BrainHealth Scientists Connect Dopamine to Facial Recognition
In a recent study, researchers at UT Dallas’ Center for BrainHealth, working in collaboration with colleagues in Sweden, have revealed a link between the dopamine neurotransmitter system in the brain and an individual’s ability to recognize faces.
Led by Dr. Bart Rypma, Meadows Foundation Chair in the School of Behavioral and Brain Sciences, the study found that the amount of dopamine relative to the amount of brain activity in the fusiform gyrus strongly predicted the ability to recognize faces. Although the fusiform gyrus has been previously established as an area of the brain related to facial recognition, this is the first time scientists have made a connection between dopamine and facial recognition.
The findings were published in The Journal of Neuroscience. Dr. Nicholas Hubbard, who worked with Rypma, at the Center for BrainHealth, was a co-author of the paper.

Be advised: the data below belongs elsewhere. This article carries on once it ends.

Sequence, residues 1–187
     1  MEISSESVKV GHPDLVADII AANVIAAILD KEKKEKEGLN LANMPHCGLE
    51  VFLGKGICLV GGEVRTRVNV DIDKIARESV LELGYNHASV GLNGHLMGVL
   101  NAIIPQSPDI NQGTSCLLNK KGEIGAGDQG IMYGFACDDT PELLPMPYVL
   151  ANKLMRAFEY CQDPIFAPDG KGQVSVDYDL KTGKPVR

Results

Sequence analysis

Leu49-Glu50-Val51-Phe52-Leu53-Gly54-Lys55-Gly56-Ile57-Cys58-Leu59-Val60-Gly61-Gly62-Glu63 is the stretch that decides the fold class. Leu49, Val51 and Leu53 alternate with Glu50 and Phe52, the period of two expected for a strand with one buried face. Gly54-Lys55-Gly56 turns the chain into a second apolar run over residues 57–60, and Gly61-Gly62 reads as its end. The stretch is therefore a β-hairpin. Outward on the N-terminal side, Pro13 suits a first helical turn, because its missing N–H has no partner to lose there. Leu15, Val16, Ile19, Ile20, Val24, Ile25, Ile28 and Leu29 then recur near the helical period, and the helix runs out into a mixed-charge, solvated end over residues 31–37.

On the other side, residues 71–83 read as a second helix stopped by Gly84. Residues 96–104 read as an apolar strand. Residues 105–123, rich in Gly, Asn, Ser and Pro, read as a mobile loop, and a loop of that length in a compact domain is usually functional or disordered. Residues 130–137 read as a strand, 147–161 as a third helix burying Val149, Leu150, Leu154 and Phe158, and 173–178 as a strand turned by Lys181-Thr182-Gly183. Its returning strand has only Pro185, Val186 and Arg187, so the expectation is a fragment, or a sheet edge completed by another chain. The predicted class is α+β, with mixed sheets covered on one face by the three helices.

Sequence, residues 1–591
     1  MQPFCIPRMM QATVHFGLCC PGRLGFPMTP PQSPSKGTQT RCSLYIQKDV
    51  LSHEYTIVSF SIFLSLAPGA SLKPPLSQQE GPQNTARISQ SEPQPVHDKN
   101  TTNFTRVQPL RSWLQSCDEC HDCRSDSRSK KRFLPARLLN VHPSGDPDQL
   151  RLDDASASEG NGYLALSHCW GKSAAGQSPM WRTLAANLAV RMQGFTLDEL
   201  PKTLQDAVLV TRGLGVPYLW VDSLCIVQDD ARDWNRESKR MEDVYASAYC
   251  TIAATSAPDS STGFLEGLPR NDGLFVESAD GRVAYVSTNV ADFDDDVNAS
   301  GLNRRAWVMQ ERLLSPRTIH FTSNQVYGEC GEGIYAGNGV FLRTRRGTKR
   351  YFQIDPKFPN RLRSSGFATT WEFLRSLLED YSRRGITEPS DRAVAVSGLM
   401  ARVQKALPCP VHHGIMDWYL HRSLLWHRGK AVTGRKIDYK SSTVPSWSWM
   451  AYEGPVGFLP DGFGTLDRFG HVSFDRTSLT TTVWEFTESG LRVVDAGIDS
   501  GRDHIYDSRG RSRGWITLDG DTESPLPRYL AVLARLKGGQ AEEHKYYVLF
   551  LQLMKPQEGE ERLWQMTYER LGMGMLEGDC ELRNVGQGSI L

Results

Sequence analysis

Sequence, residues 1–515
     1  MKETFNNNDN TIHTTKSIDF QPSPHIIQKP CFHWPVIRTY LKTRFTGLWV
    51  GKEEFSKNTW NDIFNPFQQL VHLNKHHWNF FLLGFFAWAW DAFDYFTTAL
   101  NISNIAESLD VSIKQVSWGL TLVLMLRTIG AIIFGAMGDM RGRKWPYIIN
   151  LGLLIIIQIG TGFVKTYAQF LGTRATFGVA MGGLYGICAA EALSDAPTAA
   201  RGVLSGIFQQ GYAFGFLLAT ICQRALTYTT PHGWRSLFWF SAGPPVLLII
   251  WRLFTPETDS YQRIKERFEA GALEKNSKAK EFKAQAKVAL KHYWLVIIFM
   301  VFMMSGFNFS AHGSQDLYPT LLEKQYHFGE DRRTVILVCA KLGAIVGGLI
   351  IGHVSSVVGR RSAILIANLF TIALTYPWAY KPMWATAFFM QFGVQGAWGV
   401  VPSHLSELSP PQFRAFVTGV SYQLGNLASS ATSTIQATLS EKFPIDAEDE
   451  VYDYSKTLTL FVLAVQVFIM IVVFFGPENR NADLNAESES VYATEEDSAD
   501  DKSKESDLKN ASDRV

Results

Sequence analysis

“There is an intimate relationship between face recognition and the reward system,” said Rypma, associate professor of cognitive neuroscience and cognitive psychology. “For example, you can imagine that the more sensitive someone is to social rewards, the better they feel during social interactions with familiar faces. People who are better at recognizing faces are likely more socially outgoing than those who have greater trouble differentiating one face from another.”
Using a combination of functional magnetic resonance imaging (fMRI) and positron emission tomography (PET) imaging, researchers discovered that individuals who showed more brain activity per unit of dopamine showed better facial recognition.
“There is an intimate relationship between face recognition and the reward system. For example, you can imagine that the more sensitive someone is to social rewards, the better they feel during social interactions with familiar faces.”
Dopamine is the “feel-good” chemical linked to the body’s natural reward system. That system drives survival, providing individuals with motivation and rewards in the form of positive stimuli for vital behaviors such as eating nutritious food and procreating.
Center for BrainHealth is a cognitive neuroscience research center. Research results and participant testimonials are provided for informational purposes only and do not constitute a promise or guarantee of future results. We are not a medical provider, and our events, programs, and content should not be construed as offering medical advice.